Critics get it wrong (again)

Some of the following pronouncements taken from Ronald Duncan’s Critics gaffes Duncan pic 001hilarious and sometimes shocking anthology, Critics’ Gaffes (1983), come from critics who supposedly know what they’re talking about. Others are the judgements of those who haven’t a clue.  Perhaps Geoffrey Grigson nailed it when he described the romantic novelist and radio presenter Melvyn Bragg as ‘a media mediocrity who couldn’t tell good literature from old gym shoes.’ Mind you, like the stopped clock which tells the right time twice a day, a few of the following verdicts have the ring of truth.

Theatre critic Robert Morley on Samuel Beckett’s masterpiece.

‘…it is my considered opinion that the success of Waiting for Godot’ is the end of the theatre as we know it’.


Essayist and critic William Hazlitt on Lord Byron

‘He makes virtue serve as a foil to vices…the noble lord is almost the only writer who has prostituted his talents in this way.’

George Henry Lewis on Charles Dickens

‘Thought is strangely absent from his works. I do not suppose a single thoughtful remark on life or character could be found throughout the twenty volumes.’   (1872)

Aldous Huxley on Dickens


‘Mentally drowned and blinded by the stick overflowings of his heart, Dickens was incapable, when moved, of recasting in terms of art, the reality which had moved him, was even, it would seem, unable to perceive that reality’.



Dr Samuel Johnson on John Donne.


‘The poetry consists of heterogeneous ideas yanked by violence together’


Forgotten expert on Tennyson and Browing, Arthur Waugh, on T.S.Eliot’s ‘Lovesong of J. Alfred Prufrock’


‘ A drunken helot…The reduction to absurdity of literary licence ‘.


Record-breaking hack and alleged poet Clement Wood (see earlier Jot) on Eliot’s ‘The Waste Land’.


‘A farrago of nonsense’



Forgotten critic F. L. Lucas on the same poem


‘Unintelligible, the borrowings cheap and the notes useless’



Lowbrow literary flaneur J.C.Squire on the same poem.


‘A grunt would serve equally well’.


An anonymous American critic on Hardy’s Jude the Obscure

‘When I finished the story I opened the windows and let in the fresh air, and I turned to my bookshelves and said : ‘Thank God for Kipling and Stevenson, Barrie and Mrs Humphry Ward.’

Novelist Israel Zangwill on Ibsen’s ‘The Master Builder’.

‘Rather the Master Bewilderer’.


American humourist H.L.Menken on Henry James

‘…an idiot and a Boston idiot to boot, than which there is nothing lower in the world…’


H.G.Wells on the same novelist.

‘Having first made sure that he has anything left to express, he then sets to work to express it…He spares no resource in the telling of his dead inventions …He brings up every device of language to state and define…His vast paragraphs sweat and struggle …And all for tales of nothingness…It is a magnificent but painful hippopotamus resolved at any cost, even at the cost of its dignity, upon picking up a pea which has got into a corner of its den.’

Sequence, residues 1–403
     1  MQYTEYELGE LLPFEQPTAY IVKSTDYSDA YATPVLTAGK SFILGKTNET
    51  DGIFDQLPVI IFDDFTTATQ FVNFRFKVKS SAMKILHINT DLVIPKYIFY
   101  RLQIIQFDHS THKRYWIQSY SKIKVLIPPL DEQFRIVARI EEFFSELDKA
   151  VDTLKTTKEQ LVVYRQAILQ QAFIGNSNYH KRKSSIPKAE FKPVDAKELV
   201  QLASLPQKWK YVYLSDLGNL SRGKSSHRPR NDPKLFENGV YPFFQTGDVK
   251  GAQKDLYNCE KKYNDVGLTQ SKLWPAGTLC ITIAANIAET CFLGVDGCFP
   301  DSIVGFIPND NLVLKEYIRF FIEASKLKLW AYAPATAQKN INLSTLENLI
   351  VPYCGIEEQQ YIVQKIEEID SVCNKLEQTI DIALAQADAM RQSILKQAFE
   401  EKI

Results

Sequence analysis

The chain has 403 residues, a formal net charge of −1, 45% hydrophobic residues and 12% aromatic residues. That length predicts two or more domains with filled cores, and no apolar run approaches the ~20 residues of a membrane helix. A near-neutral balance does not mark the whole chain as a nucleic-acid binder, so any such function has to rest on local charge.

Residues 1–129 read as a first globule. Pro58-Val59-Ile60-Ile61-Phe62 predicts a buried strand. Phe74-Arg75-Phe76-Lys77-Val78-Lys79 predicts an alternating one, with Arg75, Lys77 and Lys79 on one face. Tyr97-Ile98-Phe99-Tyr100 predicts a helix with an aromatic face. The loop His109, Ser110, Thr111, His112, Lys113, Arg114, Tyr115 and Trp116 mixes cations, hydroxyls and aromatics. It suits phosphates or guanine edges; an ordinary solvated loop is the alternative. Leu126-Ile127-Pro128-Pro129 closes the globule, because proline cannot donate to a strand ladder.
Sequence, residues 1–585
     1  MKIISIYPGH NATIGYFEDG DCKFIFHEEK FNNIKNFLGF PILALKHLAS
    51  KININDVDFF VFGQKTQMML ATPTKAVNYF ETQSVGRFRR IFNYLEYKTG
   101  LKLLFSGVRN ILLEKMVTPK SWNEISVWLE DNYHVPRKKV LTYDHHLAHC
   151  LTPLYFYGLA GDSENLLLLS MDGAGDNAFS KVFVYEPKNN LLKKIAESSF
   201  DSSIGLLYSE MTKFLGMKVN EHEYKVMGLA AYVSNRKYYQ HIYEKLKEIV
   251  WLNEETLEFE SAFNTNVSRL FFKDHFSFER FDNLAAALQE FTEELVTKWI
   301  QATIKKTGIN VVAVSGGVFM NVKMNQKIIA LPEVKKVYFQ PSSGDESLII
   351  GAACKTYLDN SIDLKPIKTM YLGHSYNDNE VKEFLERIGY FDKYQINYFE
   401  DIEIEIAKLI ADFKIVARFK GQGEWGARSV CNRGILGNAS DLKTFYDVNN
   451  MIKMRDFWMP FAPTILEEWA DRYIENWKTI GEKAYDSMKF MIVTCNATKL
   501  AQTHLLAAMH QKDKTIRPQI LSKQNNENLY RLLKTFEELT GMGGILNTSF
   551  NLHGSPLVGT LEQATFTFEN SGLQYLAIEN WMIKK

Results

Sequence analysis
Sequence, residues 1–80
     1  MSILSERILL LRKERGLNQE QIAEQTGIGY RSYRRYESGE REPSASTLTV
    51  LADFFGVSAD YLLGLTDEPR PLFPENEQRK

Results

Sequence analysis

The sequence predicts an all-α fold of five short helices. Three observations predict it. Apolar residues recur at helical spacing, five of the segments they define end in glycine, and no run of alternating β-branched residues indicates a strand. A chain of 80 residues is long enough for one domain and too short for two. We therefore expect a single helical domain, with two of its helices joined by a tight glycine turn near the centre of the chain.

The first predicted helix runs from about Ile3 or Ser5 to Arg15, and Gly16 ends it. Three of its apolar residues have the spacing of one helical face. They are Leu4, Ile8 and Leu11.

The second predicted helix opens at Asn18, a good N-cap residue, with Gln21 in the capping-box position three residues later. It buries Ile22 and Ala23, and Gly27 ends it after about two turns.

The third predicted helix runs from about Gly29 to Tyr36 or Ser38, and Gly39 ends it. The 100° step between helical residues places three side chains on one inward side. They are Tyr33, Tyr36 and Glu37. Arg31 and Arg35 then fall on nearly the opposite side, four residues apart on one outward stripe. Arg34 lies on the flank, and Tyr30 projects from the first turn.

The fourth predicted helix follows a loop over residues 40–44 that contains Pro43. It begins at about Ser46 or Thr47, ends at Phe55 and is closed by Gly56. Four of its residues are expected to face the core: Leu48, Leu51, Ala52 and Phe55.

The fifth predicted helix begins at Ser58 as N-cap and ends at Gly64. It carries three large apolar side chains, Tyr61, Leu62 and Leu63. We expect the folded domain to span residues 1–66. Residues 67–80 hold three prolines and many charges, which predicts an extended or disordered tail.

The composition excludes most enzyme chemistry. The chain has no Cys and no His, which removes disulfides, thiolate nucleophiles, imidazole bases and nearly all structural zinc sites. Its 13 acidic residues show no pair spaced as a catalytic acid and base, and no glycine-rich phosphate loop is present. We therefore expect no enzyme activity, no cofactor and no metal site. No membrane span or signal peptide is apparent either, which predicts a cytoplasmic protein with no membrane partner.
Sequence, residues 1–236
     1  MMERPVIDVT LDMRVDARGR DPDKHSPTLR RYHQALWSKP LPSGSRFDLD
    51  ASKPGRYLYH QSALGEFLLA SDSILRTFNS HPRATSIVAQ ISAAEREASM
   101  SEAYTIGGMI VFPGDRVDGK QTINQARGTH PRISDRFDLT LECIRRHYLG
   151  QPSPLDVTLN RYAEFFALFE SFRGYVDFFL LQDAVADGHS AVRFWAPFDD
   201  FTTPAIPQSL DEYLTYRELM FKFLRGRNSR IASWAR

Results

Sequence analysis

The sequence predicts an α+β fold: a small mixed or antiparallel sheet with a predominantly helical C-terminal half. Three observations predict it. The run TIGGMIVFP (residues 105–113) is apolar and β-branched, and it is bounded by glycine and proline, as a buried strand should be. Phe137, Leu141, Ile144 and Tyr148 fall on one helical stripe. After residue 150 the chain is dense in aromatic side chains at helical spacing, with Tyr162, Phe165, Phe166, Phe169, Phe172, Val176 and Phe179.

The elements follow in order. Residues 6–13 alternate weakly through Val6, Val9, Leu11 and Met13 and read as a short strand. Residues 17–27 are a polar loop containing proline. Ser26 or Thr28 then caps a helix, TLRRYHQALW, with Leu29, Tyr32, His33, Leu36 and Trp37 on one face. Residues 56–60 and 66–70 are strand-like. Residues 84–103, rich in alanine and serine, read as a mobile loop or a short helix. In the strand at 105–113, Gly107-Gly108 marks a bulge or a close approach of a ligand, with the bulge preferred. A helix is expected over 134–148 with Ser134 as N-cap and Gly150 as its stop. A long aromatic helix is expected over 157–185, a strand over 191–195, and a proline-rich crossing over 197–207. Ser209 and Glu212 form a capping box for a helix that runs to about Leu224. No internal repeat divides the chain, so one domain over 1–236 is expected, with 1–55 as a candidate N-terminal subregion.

D.H.Lawrence on James Joyce.

‘My God, what a clumsy olla putridaJames Joyce is! Nothing but old fags and cabbage stumps of quotations from the Bible and the rest, stewed in the juice of  deliberate, journalistic dirty-mindedness —what old and hard-working staleness masquerading as the all-new! ‘


Truman Capote on Jack Kerouac.

‘That’s not writing, that’s typing’


Joseph Conrad on D.H. Lawrence.

‘Filth. Nothing but obscenities ‘.


The Times of London on Abraham Lincoln’s Gettysburg Address.

‘ Anything more dull and commonplace it would not be easy to produce’.


Gore Vidal on Norman Mailer’s The Naked and the Dead.

‘It s a fake. A clever, talented, admirably executed fake’.


The Saturday Review on William Morris, The Defence of Guenevere

‘…all that he produces —pictures of queer, quaint knights, very stiff and cumbrous, apparently living all day in chain armour, and crackling about in cloth of gold—women always in miniver, and never in flesh and blood.’


Victoria Sackville-West to Nigel Nicholson on Nabokov’s Lolita.

‘I am afraid that I have been horrified and appalled by the thought that you might publish it…the physical details, both in lascivious description and by implication…are disgusting…As to its literary value…I can see none…how greatly I should deplore your firm publishing this book…it will tarnish the bright name of Weidenfeld and Nicholson.’

December 1958


Cyril Connolly on Ezra Pound

‘I must confess I cannot enjoy Pound’s poetry…(He) seems to be a poet of few natural gifts’.


Kenneth Tynan on Shakespeare’s Hamlet.

‘Hamlet is nothing more than the maudlin introspection of a bourgeois‘


Walter Savage Landor on Shakespeare’s Sonnets.

‘ Not a single one is very admirable…they are hot and pothery: there is much condensation, little delicacy, like a raspberry jam without cream, without crust, without bread, to break its viscidity’


Critic David Holbrook on Dylan Thomas’s Under Milkwood.

‘ …the embodiments have no moral existences and there is no conflict, development, or synthesis: everything is equally of amusing interest, as to a child, and this lack of essential drama makes Under Milk Wood a tedious piece of verbal ‘ ingenuity ‘, redeemed only by its innuendoes and salacious jokes.’

To be continued.






















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